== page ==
Ginger

I’ve seen people grow ginger on gardening programmes but have never managed it myself. The part used in cooking is the root. Fresh gives the best flavour, peeled losing as little flesh as possible, then sliced or grated. Powdered is fine for cakes and biscuits.

Famously used for travel sickness, ginger also has great anti-inflammatory and anti-oxidant properties. It has been used to manage osteoarthritis.

I’ve used it a lot recently so I thought I’d share a few ideas with you.

Like so many others, I caught a cold. There are few things more soothing to drink than a mixture of honey, lemon, ginger, cloves and coconut oil with hot water.

Also for the cold, I made some of James Wong’s potent soup which includes onion, ginger, chillies, garlic, chicken and mushrooms.

To top my low-carb porridge, I stewed some of the apples from my tree that were beginning to go soft in storage. I mixed in blackberries and bilberries picked in the summer and frozen, zingy ginger and lemon juice. Delicious.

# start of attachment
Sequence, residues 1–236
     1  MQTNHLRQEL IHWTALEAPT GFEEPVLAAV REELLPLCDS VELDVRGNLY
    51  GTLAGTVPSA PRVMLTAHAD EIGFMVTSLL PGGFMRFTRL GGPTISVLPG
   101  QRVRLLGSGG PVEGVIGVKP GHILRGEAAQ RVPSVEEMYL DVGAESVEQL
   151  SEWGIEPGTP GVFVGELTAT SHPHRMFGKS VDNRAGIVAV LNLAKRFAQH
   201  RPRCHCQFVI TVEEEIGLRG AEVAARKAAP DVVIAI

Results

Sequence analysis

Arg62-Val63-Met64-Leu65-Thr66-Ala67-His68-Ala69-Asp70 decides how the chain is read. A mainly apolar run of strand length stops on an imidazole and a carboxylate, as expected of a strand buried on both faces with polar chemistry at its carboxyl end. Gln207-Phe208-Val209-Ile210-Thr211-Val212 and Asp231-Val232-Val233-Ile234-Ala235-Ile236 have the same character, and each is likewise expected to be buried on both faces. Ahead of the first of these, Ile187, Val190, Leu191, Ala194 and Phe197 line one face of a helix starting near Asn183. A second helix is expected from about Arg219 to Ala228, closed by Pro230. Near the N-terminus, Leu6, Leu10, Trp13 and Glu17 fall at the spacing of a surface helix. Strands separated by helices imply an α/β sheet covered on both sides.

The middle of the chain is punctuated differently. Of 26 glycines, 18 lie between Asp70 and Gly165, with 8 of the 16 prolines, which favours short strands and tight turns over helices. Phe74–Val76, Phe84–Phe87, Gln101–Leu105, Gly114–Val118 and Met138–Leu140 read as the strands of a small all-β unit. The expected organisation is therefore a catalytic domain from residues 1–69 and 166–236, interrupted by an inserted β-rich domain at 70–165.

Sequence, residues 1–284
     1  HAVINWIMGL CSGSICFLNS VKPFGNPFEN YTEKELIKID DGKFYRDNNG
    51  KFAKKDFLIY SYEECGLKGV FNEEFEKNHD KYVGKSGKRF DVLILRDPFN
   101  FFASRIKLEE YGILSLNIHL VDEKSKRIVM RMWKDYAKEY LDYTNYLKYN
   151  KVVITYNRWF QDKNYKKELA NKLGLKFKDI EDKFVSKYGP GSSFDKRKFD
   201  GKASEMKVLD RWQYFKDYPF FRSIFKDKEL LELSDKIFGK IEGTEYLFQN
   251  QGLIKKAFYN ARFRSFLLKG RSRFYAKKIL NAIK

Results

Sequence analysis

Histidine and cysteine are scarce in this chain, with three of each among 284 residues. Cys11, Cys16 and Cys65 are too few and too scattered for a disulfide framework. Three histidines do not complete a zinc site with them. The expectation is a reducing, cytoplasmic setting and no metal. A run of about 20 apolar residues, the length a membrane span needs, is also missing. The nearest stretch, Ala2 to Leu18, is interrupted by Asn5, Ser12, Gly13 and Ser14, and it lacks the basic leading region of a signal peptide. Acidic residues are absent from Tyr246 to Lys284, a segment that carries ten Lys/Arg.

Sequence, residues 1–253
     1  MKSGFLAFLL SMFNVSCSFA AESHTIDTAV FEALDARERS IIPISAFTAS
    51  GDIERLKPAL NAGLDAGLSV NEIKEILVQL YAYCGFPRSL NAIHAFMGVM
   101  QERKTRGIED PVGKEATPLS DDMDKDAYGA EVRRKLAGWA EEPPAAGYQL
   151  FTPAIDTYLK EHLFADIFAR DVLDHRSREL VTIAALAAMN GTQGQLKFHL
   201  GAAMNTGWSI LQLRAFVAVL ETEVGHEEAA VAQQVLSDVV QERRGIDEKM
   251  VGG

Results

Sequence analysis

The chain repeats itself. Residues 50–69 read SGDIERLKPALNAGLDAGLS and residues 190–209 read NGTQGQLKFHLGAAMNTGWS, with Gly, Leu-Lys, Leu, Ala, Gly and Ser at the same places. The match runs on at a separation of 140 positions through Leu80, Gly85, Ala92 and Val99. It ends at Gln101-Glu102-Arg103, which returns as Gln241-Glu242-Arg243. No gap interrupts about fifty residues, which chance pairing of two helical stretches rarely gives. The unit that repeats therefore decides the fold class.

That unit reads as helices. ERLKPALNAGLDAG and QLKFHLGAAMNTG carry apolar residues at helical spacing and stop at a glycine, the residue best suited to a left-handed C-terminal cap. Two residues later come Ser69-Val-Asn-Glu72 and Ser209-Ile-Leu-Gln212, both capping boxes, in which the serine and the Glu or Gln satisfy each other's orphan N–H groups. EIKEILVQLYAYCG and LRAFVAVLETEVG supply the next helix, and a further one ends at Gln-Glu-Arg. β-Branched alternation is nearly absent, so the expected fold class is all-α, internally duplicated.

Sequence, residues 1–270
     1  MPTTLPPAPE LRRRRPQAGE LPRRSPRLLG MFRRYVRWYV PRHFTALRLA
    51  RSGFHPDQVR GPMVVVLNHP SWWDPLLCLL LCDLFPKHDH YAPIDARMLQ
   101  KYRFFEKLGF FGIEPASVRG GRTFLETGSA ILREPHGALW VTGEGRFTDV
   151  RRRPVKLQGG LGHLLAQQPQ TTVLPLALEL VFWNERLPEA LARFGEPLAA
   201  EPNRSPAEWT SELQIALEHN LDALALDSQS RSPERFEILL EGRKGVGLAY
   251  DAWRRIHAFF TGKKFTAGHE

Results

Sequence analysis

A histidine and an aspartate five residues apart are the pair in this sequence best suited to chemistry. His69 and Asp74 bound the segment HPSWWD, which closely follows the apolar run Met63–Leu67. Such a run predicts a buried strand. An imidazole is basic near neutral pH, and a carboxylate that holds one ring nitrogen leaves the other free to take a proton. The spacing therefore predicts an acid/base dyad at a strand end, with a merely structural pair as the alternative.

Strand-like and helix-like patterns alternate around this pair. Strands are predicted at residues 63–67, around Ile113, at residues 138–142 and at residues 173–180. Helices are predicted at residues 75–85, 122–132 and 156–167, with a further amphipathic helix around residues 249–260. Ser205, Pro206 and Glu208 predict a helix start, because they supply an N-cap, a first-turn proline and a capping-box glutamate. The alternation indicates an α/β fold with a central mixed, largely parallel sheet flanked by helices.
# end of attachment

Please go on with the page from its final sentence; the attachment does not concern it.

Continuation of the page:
From a community recipe book, our home-made burgers get a twist with ginger and soy sauce.

For a quick boost of nutrition, vegetable juices are refreshing – but can be rather bitter if you use wonderful dark, leafy greens like cavolo nero. Ginger is a useful flavour addition to make green juices more palatable. You can also add a piece of fruit like apple and some lime but take care not to juice too much fruit.

Make a tasty, nutritious dinner; stir-fry thin strips of beef with onion, mushrooms, ginger, bamboo shoots and water chestnuts before adding soy sauce.

I know a lady who’s a brilliant jam maker. Her rhubarb and ginger is fabulous.

How do you enjoy using ginger?